Host an Event Volunteer Join Tickets

Support the plant database you love!

Q. Who is Mr. Smarty Plants?

A: There are those who suspect Wildflower Center volunteers are the culpable and capable culprits. Yet, others think staff members play some, albeit small, role. You can torture us with your plant questions, but we will never reveal the Green Guru's secret identity.

Help us grow by giving to the Plant Database Fund or by becoming a member

Did you know you can access the Native Plant Information Network with your web-enabled smartphone?

Share

Ask Mr. Smarty Plants

Ask Mr. Smarty Plants is a free service provided by the staff and volunteers at the Lady Bird Johnson Wildflower Center.

Search Smarty Plants
See a list of all Smarty Plants questions

Please forgive us, but Mr. Smarty Plants has been overwhelmed by a flood of mail and must take a break for awhile to catch up. We hope to be accepting new questions again soon. Thank you!

Need help with plant identification, visit the plant identification page.

 
rate this answer
1 rating

Sunday - August 01, 2010

From: Las Vegas, NV
Region: Rocky Mountain
Topic: Diseases and Disorders, Watering
Title: Arizona ash tree with brown leaf tips in Las Vegas NV
Answered by: Barbara Medford

QUESTION:

We've had an Arizona Ash Tree in our yard for over 7 years it was doing fine until last summer, the tree seems to be struggling with the heat, its leaves look like they are burning up and turning brown at the very top, is there anything we can do to help it?

ANSWER:

According to this USDA Plant Profile Map, Fraxinus velutina (velvet ash) grows natively in your area of Clark County, USDA Plant Hardiness Zones 8b to 9b, so your problem should not be with soil or climate. Unless you are having a most unusually hot summer, hotter than last year, you need to ask yourself what in the environment has changed to cause that tree to have leaf tips browning?

We will do a little research into the Arizona Ash and see if we can find what might be causing a symptom you have not seen before. None of the sites we looked at mentioned any disease that caused that sort of leaf browning, but there were several mentions that this tree depended on an underground water source or was "riparian" meaning it likes river bottoms or other locales where there is a constant supply of water for its roots. We are wondering if perhaps you are having an unusually dry year in Nevada and that underground water has diminished. One source recommended deep irrigations of the tree two or three times a month during extremely dry spells. This would mean getting a hose down in the dirt around the roots, turning it on to a slow dribble and letting it run until water appears on the soil surface. The leaves browning at the top of the tree would seem to be indicative of this, as all the moisture and nutrition for the tree comes up from the roots. The leaves at the very top, the end of the line, as it were, would be most susceptible to moisture deprivation.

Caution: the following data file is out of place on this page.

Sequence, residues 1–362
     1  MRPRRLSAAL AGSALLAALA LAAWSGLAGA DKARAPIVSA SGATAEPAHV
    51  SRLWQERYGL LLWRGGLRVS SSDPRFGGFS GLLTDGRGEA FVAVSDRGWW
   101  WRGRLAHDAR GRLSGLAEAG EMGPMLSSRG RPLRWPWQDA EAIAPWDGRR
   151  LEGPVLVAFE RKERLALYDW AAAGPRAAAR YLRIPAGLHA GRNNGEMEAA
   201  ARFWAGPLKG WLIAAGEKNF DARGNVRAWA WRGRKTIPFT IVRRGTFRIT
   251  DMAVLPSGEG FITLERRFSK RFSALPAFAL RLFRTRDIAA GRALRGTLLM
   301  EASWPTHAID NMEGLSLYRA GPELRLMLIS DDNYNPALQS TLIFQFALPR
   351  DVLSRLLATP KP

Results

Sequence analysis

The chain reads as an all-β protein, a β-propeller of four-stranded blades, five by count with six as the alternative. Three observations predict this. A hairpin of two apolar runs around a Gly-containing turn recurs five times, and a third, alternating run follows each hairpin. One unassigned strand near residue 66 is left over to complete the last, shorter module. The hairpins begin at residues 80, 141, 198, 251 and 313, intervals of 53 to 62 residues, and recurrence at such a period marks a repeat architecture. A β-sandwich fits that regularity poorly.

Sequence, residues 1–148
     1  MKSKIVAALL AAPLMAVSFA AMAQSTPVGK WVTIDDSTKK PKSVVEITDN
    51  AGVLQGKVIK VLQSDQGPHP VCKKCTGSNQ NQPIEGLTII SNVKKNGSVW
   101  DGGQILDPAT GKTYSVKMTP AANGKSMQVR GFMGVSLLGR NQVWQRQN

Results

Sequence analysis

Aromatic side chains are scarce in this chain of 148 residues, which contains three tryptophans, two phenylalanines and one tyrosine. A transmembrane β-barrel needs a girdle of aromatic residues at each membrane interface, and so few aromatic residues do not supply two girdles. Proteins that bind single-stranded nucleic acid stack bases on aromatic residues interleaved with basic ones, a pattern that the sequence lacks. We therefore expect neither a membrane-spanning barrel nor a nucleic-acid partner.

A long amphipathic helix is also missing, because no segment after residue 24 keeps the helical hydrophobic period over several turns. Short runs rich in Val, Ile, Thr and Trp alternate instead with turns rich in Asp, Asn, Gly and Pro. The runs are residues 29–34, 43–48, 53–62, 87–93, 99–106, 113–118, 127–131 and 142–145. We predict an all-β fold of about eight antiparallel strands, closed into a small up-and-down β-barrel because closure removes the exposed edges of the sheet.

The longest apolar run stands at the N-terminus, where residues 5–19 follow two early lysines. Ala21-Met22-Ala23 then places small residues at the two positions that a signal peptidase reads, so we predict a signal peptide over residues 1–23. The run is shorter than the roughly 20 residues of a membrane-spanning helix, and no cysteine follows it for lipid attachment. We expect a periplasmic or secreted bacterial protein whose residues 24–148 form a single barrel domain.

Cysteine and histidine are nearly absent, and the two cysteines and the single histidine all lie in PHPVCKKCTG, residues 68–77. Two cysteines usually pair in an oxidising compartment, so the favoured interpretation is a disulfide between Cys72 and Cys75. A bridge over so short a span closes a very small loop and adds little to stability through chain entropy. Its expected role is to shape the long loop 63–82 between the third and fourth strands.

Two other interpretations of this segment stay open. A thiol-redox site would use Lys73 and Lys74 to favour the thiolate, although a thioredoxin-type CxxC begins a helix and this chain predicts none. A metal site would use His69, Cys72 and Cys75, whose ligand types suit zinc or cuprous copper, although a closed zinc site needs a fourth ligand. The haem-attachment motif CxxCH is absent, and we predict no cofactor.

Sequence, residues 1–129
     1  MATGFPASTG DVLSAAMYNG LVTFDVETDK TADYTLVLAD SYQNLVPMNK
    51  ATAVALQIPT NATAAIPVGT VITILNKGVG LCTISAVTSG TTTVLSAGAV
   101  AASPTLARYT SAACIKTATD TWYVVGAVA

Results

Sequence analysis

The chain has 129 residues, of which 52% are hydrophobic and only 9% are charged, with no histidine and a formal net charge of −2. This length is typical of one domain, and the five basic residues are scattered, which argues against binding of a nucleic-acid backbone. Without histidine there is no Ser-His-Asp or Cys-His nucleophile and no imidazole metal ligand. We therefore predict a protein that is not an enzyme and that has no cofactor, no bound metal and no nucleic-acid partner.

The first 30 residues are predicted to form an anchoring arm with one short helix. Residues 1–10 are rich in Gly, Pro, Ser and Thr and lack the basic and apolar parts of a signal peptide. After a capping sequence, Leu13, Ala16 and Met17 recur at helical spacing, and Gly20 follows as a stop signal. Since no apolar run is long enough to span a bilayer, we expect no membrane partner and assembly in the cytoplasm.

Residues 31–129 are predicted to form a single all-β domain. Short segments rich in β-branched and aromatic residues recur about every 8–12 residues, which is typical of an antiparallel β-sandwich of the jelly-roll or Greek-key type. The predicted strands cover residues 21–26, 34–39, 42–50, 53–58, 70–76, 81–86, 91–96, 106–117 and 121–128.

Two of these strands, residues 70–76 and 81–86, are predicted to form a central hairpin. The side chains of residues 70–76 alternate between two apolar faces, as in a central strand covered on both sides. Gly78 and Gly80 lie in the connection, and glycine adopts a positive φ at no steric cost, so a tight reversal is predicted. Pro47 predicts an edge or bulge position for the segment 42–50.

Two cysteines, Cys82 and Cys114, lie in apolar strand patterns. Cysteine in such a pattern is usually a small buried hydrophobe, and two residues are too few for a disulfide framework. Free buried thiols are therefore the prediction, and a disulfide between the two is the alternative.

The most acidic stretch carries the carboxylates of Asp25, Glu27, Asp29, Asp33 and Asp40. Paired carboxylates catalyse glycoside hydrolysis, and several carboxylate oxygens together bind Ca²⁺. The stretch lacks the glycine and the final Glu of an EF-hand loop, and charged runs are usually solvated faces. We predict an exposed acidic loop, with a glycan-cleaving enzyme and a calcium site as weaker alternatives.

Another possibility, although more remote, is that of ash borers. See this article from Colorado State University Extension on Ash Borers.  This article points out that borers are more apt to attack trees weakened from drought or other reasons. However, first see if there are any signs of the beetles before you try pesticide. For more information on the possibility of ash borers in your vicinity, contact the University of Nevada Cooperative Extension Office for Clark County. 

 

More Watering Questions

Plants for science fair project using greywater
November 17, 2013 - What kind of plants should we use for our science fair project.We are doing our project on how greywater affects plant growth. We saw your answer on how it affects it but we don't know what type of ...
view the full question and answer

New growth on live oaks in Houston
September 27, 2011 - My 2 10yr. old live oaks are putting out new growth (branches?) although, here in Houston, TX we are having such a drought. For the last 3 months, I have conscientiously watered my entire yard via ...
view the full question and answer

Non-native lambs ears wilting in heat from Fredericksburg TX
October 19, 2011 - 3 days ago I had professional landscaping done in an area with plants that tolerate heat & sun well. We planted 7 healthy, large lambs ear & mulched. Everything planted is doing well except the lambs ...
view the full question and answer

Recovery of water-stressed Agarita
August 11, 2014 - Hello! I planted a small agarita at the end of May and then left town for six weeks. During that time it was supposed to receive weekly deep irrigations to help it establish, but it seems that som...
view the full question and answer

Mites in soil of house plants
June 25, 2008 - Hi there! I recently noticed tiny silver mites in the soil of my plants that I only notice after watering. These plants are indoors in on a window ledge (a dwarf palm, aloe plant and Hawaiian Scheffle...
view the full question and answer

Support the Wildflower Center by Donating Online or Becoming a Member today.